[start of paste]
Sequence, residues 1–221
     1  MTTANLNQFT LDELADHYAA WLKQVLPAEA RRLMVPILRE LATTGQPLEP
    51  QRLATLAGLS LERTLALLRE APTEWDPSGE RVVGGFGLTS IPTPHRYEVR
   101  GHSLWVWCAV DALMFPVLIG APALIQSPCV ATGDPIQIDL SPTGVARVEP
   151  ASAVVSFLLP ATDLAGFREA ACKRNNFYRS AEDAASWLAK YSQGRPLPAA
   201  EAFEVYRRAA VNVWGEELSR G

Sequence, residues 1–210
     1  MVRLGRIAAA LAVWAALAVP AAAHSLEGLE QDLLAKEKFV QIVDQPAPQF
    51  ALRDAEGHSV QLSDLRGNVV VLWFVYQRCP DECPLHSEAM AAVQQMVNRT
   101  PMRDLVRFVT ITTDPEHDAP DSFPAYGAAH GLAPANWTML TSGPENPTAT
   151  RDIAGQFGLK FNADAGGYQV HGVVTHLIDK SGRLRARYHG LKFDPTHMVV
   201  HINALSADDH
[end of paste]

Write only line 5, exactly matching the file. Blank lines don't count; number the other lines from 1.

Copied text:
   151  ASAVVSFLLP ATDLAGFREA ACKRNNFYRS AEDAASWLAK YSQGRPLPAA